20 Everyday Challenges That All Parents of Toddlers Face

Parents of toddlers, you know what I’m talking about. We knew something wickedly wonderful was coming, and that which we didn’t know about … we at least expected as much. We hopefully expected to not know. Anything.

Hopefully we (you…me), weren’t so naive going into parenting thinking we’d always have it all figured out, and that things would never get crazy in our house. Oh no, not our house. Not my house.

And even after all of the advice and the warnings … nothing quite compares to living and breathing in a daily firestorm and magical maze of parenting toddlers. There are things that we become accustomed to, that we live with, that I never would/could have imagined or thought acceptable in my BC (before children) days.

There’s so many things, some big and some small, that I used to take for granted. As much as one can take the thought of savoring going pee on one’s own for granted. Perhaps it’s just me, in my absurdly tempest life, (that I wouldn’t trade in for all of the uninterrupted sleep in the world ), that feels the need to lay it all out on the line.

For myself and all of you who are in it, about to be there or dream of being there. You should know.  You should know every single challenge ahead of you, at least as far as I’ve experienced — and that it’s okay. Even if you walk around in a loved drenched zombie state half the time, all will be fine, and it’s okay to kvetch about it all. It’s okay to make dark jokes about our demanding children; it doesn’t mean we love them any less.

It just means that we’re still human. This is what I’m up against every day, you?

  • Riding That Wave of Bliss… 1 of 21

    ... One day at a time. These are the 20 everyday challenges that I face in an average day in parenting/surviving my toddlers.

  • Leaving The House 2 of 21

    Remember what it used to be like to leave the house BC? Remember that far-off hazy memory? For me, winter is the worst with all of the snow gear. But it's always something. That huge checklist that you better make sure is ticked off before leaving the house. Drink, snack, clean diapers, wipes, change of clothes and/or underwear. It's guaranteed there will be an accident of some sort if you leave the house without any of that, or a child wailing about his or her extreme thirst and starvation. Then there is the challenge of actually getting one's toddler to want to leave the house. BRAIN MELTING stuff here, folks.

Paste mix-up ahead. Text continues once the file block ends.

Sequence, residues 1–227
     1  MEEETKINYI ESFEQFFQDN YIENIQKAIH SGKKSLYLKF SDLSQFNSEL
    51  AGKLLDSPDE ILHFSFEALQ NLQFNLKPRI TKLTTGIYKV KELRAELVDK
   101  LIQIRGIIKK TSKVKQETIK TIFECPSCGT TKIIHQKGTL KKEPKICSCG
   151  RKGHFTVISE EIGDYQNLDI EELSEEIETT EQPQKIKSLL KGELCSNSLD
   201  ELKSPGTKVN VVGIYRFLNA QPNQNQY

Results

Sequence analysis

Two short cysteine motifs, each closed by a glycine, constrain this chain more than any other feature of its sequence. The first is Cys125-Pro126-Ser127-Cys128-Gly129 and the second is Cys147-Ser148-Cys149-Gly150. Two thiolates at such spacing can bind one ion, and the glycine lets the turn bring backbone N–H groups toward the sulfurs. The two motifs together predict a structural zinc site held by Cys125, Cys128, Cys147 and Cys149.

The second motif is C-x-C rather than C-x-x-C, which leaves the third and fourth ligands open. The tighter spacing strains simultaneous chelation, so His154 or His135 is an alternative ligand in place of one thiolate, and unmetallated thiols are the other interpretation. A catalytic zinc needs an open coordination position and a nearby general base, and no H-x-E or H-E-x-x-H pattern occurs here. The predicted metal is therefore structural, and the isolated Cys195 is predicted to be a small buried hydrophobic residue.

• Going To The Bathroom Alone 3 of 21

    I've taken to locking myself in there and hollering at them to find their dad when they try to kick the door down to get at me. If he's not home, I suck it up and leave the door open a crack. A visit to the bathroom for me usually guarantees some kind of blow-out between my toddler siblings and/or a very curious toddler daughter wanting to get right in my face and ask me what I'm doing on repeat about ten times. When potty-training one's toddler, all bets are off - they would/should accompany you to the bathroom whenever possible. Be prepared for lots of talk, songs and books about pee and poo.

  • Sleeping (At Night) 4 of 21

    It just doesn't happen. 'They' say it gets better as they get older, but the jury is still out on that one. Hot damn, sleep is a delicious thing and I MISS IT in its full REM glory. Things one can expect from an average night of living with toddlers when everyone should be sleeping, is to suddenly wake up to find your toddler standing over you, inches from your face, breathing into your nose. Abby in particular is rather fond of waking up in the middle of the night and proclaiming that it's time to wake up now and pway! Eat breffast! Go to sckewel! JUST NO. 

  • Not Getting Peed, Puked or Snotted On 5 of 21

    One of these things is guaranteed to happen every single day, the most popular of which is the snot thing. My eldest toddler is in a glorious stage of eating his boogies, and try as I might I can't get him to stop. Someone help? Abby up there is hot on his heels.

  • Getting Dressed 6 of 21

    That right up there would be me, in a bathroom taking a selfie because it felt totally surreal to be wearing clothes I actually felt pretty in only to have sloppily dumped an entire beer on myself. Sometimes I need proof to look back on, now that I'm a mom ... that I'm more than a diaper genie and toddler food chaser.